NYC Schools Should Look to Federal School Discipline Guidance Released by Departments of Education and Justice

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FOR IMMEDIATE RELEASE
Contact: Shoshi Chowdhury, Dignity in Schools Campaign-New York, 347-832-8391, shoshi@nesri.org

New York, NY - Following today’s release of School Discipline Guidance by the Federal Departments of Education and Justice, students, parents, teachers and advocates with the Dignity in Schools Campaign-New York (DSC-NY) urge the de Blasio administration to take steps to reduce racial disparities in school discipline and require the use of positive Guidance Interventions before suspension in all schools.

Jessica Morillo, a 16 year-old public school student and member of the Urban Youth Collaborative and Dignity in Schools Campaign-NY, said, “For years students across the country have been urging the federal Department of Education to put an end to the school-to-prison pipeline. We are excited that both the Departments of Education and Justice have released this guidance. School districts must end the racial disparities in discipline and implement restorative justice in all schools. Zero-tolerance and over-policing do not make schools safe!  Interventions and supports do! In NYC, we are calling for the new administration to use these tools to create safe, supportive schools for all students.  This is a step in the right direction.”

The Guidance recognizes the pervasive racial disparities that exist and notes that Black students are more than three times as likely as their white peers to be suspended or expelled. The federal government recognizes research which suggests that these disparities “are not explained by more frequent or more serious misbehavior by students of color” but rather by the discriminatory administration of school discipline policies.

DSC-NY is calling on New York City schools to end suspensions for the minor behavior “defying or disobeying authority,” the second most common reason for suspensions and exactly the type of vague and subjective infraction which the federal guidance cautions can result in disproportionate suspension of students of color.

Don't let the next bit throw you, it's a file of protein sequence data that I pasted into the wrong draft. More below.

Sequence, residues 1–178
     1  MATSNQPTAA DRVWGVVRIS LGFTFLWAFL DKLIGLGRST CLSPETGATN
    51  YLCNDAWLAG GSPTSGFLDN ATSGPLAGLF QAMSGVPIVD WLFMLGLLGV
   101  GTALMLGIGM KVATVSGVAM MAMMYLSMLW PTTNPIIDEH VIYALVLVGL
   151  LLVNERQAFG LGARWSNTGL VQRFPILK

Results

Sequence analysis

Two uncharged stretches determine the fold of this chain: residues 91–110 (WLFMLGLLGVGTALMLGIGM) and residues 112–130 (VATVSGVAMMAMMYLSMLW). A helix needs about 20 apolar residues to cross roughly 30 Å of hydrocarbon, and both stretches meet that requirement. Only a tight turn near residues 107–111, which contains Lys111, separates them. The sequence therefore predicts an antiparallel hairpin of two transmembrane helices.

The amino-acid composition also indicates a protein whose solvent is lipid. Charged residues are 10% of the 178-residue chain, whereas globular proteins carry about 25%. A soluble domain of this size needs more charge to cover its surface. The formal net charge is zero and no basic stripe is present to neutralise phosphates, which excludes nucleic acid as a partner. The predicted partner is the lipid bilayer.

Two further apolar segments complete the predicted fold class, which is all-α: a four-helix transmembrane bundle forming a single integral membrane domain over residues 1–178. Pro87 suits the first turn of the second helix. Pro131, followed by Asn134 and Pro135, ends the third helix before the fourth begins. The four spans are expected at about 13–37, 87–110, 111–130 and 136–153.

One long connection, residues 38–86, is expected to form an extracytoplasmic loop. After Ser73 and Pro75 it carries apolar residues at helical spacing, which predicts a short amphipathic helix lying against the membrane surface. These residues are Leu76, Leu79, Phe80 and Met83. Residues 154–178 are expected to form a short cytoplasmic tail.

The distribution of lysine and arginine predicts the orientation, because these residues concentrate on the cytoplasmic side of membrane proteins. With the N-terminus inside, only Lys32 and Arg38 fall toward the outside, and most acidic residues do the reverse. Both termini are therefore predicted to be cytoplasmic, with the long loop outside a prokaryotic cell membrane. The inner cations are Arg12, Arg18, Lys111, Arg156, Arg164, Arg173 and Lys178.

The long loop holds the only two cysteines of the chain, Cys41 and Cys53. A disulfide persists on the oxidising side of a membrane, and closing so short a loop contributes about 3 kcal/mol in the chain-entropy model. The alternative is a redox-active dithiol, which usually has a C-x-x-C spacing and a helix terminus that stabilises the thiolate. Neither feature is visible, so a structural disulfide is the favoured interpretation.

Mathew Guldin, a retired NYC School Dean and member of Teachers Unite and the Dignity in Schools Campaign-NY, said, “The release of the guidance overlaps with Mayor de Blasio and Chancellor Farina stepping into office. Perhaps NYC can be the first city to directly work towards clearing up the racial and other disparities in our discipline statistics in response to this guidance. Mandating positive Guidance Interventions before suspension, training educators in alternative approaches and eliminating suspensions for the amorphous and subjective behavior “defying authority” would be a good place to start. Establishing pilot schools, which almost exclusively use positive discipline and restorative justice practices would be a great way to prove that a community-based approach works.”

The Guidance includes an important Appendix with recommendations for schools and districts on promoting positive school climates, providing training for staff, ensuring that students and parents participate in developing and implementing discipline policies, emphasizing positive interventions over removal and ensuring data collection and monitoring of discipline.

The DSC-NY coalition looks forward to working with our Mayor Bill DeBlasio and Chancellor Farina to implement policies that would keep our students in school and out of the court. We need to equip our schools with resources that will help support students not punish them for minor misbehaviors. 

The DSC-NY coalition calls for citywide funding and implementation of positive, school-wide approaches to discipline that improve school climate, reduce conflict, and increase learning. Members include: Advocates for Children of New York, American Friends Service Committee- NY, Brooklyn Movement Center, Center for Community Alternatives, Children’s Defense Fund-New York, Coalition for Asian American Children and Families, Coalition for Gender Equity in Schools, Desis Rising Up and Moving (DRUM), Future of Tomorrow, Make the Road New York, Mass Transit Street Theater, National Economic and Social Rights Initiative (NESRI), New Settlement Apartments Parent Action Committee, Pumphouse Projects, Sistas and Brothas United, Teachers Unite, The Sikh Coalition, Urban Youth Collaborative (UYC), Youth Ministries for Peace and Justice, Youth on the Move, and Youth Represent..

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